NOTE: For more information, see Adding Cluster Resources in the Cluster Administration guide at www.redhat.com/docs/manuals/enterprise/.

Example GFS resource

After clicking on Add a Resource following the steps above

  1. In the drop down list Select a Resource Type select GFS filesystem
  2. In the GFS Resource Configuration enter the details as described below:
    • Name - a name to describe the GFS file system.
    • Mount Point - a mount point on the local file system (e.g. /gfs). This is the directory to which the clustered logical volume will be mounted to, on all the nodes.
    • Device - the GFS device created (e.g. /dev/vg_cluster/lv_cluster). This is the logical volume created in the Setting Up a Storage Cluster section.
    • Filesystem Type - GFS2. Use GFS2, since gfs2 clustered logical volume was created above.
    • options - mounting options. (e.g. rw,debug). Remember to mention debug among the options.
  • The remaining fields may be left blank.

NOTE: Among the mouting options, it is crtical to mention debug because, this option makes the cluster nodes to panic and there by fence, in case there was a problem accessing the shared storage.

Creating a Failover Domain (Optional)

A Failover Domain is a group of nodes in the cluster. By default all nodes can run any cluster service. To provide better administrative control over cluster services, Failover Domains limit which nodes are permitted to run a service or establish node preference. For more information see Configuring a Failover Domain in the Cluster Administration guide at www.redhat.com/docs/manuals/enterprise/.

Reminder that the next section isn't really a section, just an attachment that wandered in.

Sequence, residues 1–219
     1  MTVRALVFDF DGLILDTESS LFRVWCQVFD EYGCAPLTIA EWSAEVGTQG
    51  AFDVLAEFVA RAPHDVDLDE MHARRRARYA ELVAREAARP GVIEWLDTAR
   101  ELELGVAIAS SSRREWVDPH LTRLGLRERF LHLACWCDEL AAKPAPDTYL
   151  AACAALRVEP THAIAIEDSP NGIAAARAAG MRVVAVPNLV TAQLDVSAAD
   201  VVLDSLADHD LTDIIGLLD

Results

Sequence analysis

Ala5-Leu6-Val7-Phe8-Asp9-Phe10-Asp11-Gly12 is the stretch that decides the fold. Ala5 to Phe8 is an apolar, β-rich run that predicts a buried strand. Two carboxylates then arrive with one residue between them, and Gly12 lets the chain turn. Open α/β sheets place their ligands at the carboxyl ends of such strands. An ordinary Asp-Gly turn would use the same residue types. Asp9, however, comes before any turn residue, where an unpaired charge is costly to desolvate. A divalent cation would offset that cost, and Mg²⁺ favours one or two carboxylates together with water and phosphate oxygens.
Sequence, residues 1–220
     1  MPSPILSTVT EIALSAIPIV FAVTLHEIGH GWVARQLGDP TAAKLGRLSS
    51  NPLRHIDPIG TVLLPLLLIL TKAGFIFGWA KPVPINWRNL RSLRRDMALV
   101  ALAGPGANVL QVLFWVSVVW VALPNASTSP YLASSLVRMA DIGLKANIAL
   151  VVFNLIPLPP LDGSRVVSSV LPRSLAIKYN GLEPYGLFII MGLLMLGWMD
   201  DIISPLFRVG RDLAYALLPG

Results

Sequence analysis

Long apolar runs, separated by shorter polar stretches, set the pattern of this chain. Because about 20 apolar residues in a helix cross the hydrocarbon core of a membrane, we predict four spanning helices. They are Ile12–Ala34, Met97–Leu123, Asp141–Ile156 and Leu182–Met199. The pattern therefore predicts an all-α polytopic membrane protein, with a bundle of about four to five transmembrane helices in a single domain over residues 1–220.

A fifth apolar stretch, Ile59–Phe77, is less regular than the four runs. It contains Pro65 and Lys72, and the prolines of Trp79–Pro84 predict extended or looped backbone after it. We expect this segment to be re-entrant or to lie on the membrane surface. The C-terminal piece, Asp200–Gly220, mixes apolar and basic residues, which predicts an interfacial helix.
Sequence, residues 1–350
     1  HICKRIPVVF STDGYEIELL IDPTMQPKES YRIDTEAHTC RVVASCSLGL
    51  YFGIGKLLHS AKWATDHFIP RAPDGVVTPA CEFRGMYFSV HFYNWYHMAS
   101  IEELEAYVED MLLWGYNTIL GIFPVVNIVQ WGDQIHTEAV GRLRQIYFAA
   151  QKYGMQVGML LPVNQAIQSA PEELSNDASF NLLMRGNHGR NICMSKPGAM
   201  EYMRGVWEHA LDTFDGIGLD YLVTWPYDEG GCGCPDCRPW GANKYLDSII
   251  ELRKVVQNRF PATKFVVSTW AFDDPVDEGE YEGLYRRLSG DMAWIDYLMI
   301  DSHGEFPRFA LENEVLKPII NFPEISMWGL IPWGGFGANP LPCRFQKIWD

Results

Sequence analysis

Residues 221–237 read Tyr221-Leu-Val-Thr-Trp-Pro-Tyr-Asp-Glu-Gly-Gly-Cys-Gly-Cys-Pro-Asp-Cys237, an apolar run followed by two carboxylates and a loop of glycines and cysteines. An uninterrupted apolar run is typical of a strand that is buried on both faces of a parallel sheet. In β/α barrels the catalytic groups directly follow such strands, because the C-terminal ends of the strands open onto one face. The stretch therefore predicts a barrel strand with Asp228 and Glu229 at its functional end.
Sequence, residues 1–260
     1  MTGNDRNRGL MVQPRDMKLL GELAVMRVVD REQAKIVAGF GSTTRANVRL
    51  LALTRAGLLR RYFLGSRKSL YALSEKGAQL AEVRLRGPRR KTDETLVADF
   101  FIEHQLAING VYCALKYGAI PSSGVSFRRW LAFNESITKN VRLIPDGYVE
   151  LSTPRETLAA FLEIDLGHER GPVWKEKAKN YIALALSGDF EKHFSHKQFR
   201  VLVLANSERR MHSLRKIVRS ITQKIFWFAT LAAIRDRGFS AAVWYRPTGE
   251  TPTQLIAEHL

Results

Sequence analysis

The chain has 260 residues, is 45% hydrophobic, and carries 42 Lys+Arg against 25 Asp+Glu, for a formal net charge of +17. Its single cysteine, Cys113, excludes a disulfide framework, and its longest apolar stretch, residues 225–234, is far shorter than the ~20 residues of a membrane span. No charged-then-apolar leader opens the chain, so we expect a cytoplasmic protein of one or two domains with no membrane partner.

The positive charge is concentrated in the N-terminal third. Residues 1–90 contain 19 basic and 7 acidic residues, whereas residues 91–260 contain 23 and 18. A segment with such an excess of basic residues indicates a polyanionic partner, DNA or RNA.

Creating Services

The following steps provide an overview for creating services:

  1. Click Cluster List.
  2. Select the cluster name and click Services on the left-pane.
  3. Select Add a service.
  4. Choose a service name that describes the function that you are creating the service for.
  5. Leave the default Failover Domain set to None to allow any node in the cluster to run this service. Otherwise, select a previously created failover domain.
  6. Click Add a resource to this service.
  7. Select either new local or existing global resource.
  8. Select the type of resource and enter any required data in the appropriate fields and click submit.
    NOTE: For more information, see Adding a Cluster Service to the Cluster in the Cluster Administration guide at www.redhat.com/docs/manuals/enterprise/.

Example Configuration of NFS

  • 1. Before configuring an NFS service, ensure that all of your nodes have nfs installed:
[root]# yum install nfs nfs-utils
  • 2. Create resources to be used for the NFS service:
    1. Click Resources
    2. Add an IP Address - IP address to be used as a virtual IP address by the NFS service
    3. Add a GFS File System - follow the steps at Example GFS resource
    4. Add an NFS Export - a name to describe this export (e.g. nfs-export)
    5. Add an NFS Client - the target network client options with the following values:
      • Name - A name to describe this resource (e.g. nfs-cli)
      • Target - The client network that will have access to the exports (e.g. 172.16.0.0/16)
      • Options - NFS client options (e.g. rw,sync,no_root_squash)
  • 3. Create an NFS service:
    1. Click Services and enter a service name (e.g. nfs)
    2. Check Automatically start this service if you want this service to start automatically with the cluster.
    3. Select a recovery policy. Relocate will move the NFS service to another node upon a failure.
    4. Select None for Failover Domain if you want the application to failover to any other node in the cluster. If you want the application to failover to a particular set of nodes, configure a new Failover Domain and select it.